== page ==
PayPal Holdings (NASDAQ: PYPL) reported its 2019 second-quarter results late last month and, since then, the stock has trimmed more than 10% of its value. It wasn't the quarterly results that caused the drop, as the numbers, once again, were more than solid. The digital wallet platform's revenue grew to $4.31 billion, a 12% increase year over year, while its adjusted earnings per share (EPS) rose to $0.86, a whopping 47% increase over last year's second quarter after benefiting from gains in strategic investments.
The strong top- and bottom-line growth was driven by a rise in active accounts and user engagement. In Q2, the number of active accounts grew to 286 million, a 17% increase year over year, and the number of transactions per active account rose to 39.0, a 9% increase over last year's second quarter. With such strong numbers across the board, it's natural for investors to wonder why shares have sold off like they have. The answer lies in the company cutting its full-year revenue guidance, even as it raised its full-year EPS outlook.
Due to its sheer size and complexity, PayPal pushed out the target dates for key partnerships this quarter. Image source: PayPal Holdings.
Despite the cut in the company's top line, I believe the company's shares remain a buy for investors with a long horizon. Here are three reasons why.
1. Revenue is being delayed, not lost
The reason PayPal gave for the decline in revenue guidance wasn't because there was softness in its account growth rates or that account holders were using their accounts less. Those would truly be reasons for concern. Rather, it was because PayPal is working on a number of big projects and integrations with large partners that, CEO Dan Schulman admitted, the company "probably underestimated the amount of work it would take" to implement. These projects include:
- An integration with MercadoLibre (NASDAQ: MELI) which includes PayPal's integration into the South American online marketplace, capabilities for MercadoPago and PayPal accounts to make P2P payments with each other, and allowing MercadoPago users to make purchases with PayPal merchants.
- The development of Uber Technologies' digital wallet.
- Integrating with the online bill-paying platform, Paymentus. Schulman called it "an extremely large strategic partner of ours" that required PayPal's integration with every single one of the multiple billers on its platform.
Schulman emphasized throughout PayPal's conference call that this revenue was not lost, just delayed as a "lot of scope expansion" occurred as these undertakings began.
2. PayPal's network effect continues to grow
A network effect is an economic moat that increases the value of a product or service as it gains more users. With so many users, online merchants feel compelled to offer PayPal as a checkout option. As more merchants add PayPal as a payment option, more users will feel compelled to open a PayPal account. With 286 million active accounts, PayPal's user growth is certainly feeling the tailwinds of a growing network effect. PayPal's leadership acknowledges this, too, with Schulman commenting:
But look you've got, obviously, a network effect that's really kicking in right now. If you're a merchant, we have so many consumers that want to use PayPal or Venmo now as a way to pay. You almost have to be a part of the network and the same thing from a consumer perspective. We've got merchants everywhere that are accepting us. And so that network effect is continuing to kick in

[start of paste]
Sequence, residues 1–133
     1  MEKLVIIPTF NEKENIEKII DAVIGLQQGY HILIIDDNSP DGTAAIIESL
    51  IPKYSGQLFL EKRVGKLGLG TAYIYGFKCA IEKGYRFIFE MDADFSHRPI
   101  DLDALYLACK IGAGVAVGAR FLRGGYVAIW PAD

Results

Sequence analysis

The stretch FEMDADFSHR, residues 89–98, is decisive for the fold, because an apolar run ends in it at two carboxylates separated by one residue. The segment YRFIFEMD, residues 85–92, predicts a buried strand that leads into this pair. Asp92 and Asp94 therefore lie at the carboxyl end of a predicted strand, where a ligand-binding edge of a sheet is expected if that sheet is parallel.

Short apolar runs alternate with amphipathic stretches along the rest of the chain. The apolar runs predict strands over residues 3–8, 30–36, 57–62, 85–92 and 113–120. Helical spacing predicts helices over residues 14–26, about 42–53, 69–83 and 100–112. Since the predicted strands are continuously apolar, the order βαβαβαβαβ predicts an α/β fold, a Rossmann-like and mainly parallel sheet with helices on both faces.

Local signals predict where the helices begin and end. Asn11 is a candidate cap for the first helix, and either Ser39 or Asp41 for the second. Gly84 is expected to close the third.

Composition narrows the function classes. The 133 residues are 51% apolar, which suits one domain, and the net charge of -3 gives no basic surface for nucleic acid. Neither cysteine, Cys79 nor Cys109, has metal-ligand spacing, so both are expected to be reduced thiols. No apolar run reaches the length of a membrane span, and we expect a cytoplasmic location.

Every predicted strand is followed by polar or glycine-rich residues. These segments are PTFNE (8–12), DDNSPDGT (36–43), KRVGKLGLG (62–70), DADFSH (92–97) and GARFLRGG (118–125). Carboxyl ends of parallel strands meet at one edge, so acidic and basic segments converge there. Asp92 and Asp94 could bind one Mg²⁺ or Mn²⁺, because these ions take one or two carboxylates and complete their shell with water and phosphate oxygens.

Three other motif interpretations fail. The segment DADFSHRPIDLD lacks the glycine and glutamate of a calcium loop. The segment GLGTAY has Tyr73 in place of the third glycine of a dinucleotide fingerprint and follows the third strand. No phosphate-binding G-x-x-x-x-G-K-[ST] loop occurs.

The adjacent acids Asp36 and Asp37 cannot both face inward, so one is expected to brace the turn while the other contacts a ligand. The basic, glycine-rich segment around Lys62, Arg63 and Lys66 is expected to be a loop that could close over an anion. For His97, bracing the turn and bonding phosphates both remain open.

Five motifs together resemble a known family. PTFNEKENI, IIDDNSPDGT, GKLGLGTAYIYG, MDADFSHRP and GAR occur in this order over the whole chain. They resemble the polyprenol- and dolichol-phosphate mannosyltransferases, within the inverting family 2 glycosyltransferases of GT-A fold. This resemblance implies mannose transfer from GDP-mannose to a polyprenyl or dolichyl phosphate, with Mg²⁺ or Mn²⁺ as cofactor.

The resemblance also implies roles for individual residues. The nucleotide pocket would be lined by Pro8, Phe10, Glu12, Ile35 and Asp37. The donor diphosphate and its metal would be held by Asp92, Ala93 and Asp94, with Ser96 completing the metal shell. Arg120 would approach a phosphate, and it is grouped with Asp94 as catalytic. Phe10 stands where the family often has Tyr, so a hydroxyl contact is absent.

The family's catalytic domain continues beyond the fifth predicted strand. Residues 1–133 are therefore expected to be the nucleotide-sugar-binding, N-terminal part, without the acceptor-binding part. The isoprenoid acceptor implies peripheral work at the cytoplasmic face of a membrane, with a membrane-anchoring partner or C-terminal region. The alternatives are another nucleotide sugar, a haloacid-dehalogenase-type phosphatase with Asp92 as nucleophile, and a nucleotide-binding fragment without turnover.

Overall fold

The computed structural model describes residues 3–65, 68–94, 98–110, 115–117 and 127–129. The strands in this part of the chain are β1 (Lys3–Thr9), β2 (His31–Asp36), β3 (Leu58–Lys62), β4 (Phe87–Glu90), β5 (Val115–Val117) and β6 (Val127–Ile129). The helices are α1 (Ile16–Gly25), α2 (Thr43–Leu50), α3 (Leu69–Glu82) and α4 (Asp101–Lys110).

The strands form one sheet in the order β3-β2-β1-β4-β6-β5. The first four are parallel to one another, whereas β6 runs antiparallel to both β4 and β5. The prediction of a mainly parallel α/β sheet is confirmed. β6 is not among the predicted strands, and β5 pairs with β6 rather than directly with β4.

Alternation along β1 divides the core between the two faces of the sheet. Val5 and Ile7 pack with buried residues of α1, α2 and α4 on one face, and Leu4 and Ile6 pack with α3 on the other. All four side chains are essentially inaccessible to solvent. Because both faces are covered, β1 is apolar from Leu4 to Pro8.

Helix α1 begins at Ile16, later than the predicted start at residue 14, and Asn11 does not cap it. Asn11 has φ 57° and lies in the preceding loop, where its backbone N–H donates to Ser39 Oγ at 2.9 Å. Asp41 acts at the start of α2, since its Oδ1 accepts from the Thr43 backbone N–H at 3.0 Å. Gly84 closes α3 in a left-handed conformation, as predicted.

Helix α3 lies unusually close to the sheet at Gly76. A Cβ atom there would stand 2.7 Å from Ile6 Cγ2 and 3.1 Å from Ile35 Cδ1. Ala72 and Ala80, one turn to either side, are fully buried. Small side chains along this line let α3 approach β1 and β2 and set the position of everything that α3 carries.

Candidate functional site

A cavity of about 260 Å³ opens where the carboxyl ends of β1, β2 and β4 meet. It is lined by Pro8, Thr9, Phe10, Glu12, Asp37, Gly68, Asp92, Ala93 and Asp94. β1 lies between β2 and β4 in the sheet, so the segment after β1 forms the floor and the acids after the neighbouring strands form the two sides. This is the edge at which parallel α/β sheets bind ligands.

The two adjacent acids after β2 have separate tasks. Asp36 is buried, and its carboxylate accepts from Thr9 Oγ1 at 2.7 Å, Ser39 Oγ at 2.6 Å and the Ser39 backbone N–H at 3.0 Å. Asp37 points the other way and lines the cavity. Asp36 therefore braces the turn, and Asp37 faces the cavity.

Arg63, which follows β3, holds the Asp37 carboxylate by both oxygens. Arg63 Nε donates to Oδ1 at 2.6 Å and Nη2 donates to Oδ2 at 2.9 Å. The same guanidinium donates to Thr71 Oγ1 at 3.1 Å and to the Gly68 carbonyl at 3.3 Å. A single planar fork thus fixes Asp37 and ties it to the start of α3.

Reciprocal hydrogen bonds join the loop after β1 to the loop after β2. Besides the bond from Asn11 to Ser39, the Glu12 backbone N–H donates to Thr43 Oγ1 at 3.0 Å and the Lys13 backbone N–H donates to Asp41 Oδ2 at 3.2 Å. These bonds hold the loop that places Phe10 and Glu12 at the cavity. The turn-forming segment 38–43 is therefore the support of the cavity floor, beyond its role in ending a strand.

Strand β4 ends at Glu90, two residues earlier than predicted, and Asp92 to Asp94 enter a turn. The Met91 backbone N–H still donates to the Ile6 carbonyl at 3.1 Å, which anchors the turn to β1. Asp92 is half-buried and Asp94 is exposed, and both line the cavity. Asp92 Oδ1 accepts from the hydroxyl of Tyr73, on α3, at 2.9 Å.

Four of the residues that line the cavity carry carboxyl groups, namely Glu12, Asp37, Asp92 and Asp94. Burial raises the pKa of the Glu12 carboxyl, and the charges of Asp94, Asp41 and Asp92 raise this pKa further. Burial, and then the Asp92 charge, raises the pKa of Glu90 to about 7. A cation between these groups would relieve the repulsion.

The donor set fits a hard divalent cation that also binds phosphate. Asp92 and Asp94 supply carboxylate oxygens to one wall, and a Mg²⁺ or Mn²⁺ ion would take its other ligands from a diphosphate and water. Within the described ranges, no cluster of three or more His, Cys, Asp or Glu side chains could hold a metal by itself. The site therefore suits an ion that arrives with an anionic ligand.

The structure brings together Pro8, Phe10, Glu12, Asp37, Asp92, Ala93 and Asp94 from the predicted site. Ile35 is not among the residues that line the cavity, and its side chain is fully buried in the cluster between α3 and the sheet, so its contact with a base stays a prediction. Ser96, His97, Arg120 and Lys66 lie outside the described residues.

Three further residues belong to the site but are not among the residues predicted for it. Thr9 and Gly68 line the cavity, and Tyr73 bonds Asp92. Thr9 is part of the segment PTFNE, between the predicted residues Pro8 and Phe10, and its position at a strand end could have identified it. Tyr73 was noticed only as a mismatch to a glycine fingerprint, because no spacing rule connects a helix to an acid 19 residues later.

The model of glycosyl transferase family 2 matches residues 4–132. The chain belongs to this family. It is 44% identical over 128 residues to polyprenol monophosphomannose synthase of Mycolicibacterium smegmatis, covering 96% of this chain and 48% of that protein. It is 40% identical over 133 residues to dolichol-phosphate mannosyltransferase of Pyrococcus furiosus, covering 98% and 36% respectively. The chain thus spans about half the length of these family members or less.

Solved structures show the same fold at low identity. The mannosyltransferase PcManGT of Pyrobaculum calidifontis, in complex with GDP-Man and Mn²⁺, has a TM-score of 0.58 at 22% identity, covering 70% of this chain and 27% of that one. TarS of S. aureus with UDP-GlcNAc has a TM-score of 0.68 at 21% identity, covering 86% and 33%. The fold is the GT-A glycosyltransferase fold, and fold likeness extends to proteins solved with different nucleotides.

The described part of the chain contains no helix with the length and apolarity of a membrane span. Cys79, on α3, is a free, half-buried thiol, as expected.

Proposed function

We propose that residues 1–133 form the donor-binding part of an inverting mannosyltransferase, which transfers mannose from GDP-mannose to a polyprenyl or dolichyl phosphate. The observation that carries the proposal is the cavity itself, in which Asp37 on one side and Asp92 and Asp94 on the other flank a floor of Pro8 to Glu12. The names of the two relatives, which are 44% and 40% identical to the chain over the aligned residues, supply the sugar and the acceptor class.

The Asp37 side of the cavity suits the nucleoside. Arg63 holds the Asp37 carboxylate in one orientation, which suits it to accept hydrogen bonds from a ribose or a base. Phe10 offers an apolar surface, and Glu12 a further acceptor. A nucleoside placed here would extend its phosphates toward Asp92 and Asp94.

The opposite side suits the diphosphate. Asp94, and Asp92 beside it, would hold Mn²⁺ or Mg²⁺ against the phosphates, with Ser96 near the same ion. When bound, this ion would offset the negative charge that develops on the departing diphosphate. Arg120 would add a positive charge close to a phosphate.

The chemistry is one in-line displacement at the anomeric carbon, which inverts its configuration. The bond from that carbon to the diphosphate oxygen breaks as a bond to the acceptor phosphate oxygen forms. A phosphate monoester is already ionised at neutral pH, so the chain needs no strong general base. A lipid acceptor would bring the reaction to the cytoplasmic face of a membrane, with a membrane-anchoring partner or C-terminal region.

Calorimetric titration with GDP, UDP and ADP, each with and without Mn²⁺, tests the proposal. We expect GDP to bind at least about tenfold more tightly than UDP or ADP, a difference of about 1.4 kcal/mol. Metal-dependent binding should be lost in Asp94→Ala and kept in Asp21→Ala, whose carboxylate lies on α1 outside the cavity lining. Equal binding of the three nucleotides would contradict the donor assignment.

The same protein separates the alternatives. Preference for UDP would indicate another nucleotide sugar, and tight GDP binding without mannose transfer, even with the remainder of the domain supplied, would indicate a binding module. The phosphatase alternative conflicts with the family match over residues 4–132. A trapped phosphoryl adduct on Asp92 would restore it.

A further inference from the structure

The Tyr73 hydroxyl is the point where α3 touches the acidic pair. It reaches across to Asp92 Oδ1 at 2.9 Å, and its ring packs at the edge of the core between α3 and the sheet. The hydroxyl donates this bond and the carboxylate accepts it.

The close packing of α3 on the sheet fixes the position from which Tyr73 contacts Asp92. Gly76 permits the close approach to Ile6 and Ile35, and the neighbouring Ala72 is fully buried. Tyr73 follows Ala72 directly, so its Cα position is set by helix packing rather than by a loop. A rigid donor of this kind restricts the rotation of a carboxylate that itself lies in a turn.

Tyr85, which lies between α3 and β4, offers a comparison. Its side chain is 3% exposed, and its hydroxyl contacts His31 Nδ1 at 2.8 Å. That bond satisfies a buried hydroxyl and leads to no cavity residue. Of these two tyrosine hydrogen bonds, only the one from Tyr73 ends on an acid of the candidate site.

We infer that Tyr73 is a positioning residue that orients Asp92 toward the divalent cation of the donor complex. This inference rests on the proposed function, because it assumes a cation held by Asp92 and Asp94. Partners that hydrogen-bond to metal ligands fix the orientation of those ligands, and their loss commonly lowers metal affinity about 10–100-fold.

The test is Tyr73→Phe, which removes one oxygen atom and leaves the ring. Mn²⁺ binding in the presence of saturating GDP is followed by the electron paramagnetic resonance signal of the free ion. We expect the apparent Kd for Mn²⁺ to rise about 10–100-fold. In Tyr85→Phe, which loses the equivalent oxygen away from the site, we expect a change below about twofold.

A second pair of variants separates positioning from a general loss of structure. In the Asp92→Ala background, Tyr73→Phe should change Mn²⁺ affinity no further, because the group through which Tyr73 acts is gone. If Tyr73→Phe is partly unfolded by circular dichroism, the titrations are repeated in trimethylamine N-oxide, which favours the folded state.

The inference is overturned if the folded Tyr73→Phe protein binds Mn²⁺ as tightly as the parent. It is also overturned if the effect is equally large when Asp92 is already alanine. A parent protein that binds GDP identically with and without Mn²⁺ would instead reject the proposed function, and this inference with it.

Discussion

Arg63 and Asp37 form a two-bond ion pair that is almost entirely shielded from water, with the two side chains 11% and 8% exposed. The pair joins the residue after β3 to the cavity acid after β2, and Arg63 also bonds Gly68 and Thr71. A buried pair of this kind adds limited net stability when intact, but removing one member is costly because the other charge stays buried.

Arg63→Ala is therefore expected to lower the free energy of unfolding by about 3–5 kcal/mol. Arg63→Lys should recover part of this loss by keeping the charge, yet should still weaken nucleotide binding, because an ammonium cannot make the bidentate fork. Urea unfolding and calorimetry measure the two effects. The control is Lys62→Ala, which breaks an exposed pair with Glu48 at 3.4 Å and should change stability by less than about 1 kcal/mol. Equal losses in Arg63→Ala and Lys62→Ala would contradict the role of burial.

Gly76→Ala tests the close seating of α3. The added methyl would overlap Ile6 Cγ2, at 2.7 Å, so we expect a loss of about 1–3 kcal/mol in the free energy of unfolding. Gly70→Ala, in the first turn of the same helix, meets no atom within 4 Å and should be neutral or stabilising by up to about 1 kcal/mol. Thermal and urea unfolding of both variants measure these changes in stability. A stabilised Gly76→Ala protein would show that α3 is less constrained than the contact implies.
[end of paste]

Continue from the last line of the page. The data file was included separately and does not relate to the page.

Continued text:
3. Margins improving
In Q2, adjusted operating margins grew to 23.2%, a 2 percentage point increase year over year, leading PayPal to raise its full-year EPS guidance despite lowering its revenue expectations. A particular point of excitement from this improvement is the company's transaction losses. CFO John Rainey explained:
Now one quarter does not make a trend, so I don't want to call this out as what we should expect going forward, but this was truly based upon improved modeling and capabilities that we have in our fraud detection and risk management. And so we're very encouraged about that. And as we ... continue to refine those models over time, hopefully, that type of decrease in the rate of losses for TPV is something that can become more sustainable for us.
Focus on the long term
PayPal's revenue slowdown seems decidedly short-term in nature. Remember, revenue growth has been negatively affected the past year due to the sale of its credit portfolio to Synchrony Financial. As its contract nears its expiration, revenues from eBay continue to lag behind its other marketplace partnerships, and complications with integrations and partnerships are taking longer, due to their sheer size and complexity.
As the Synchrony deal is lapped, the eBay contract expires, and these integrations are finally implemented, PayPal's revenue should rebound. Meanwhile, PayPal's network effect grows, and its margins improve, driving earnings growth. This seems like a classic definition of short-term FUD (fear, uncertainty, doubt) driving a stock price down while the long-term forecast calls for blue skies and sunny days. This is why PayPal remains one of the largest positions in my personal portfolio.
Matthew Cochrane owns shares of MercadoLibre and PayPal Holdings. The Motley Fool owns shares of and recommends MercadoLibre and PayPal Holdings. The Motley Fool has the following options: short October 2019 $37 calls on eBay, long January 2021 $18 calls on eBay, and short October 2019 $97 calls on PayPal Holdings. The Motley Fool recommends eBay and Uber Technologies. The Motley Fool has a disclosure policy.
This article was originally published on Fool.com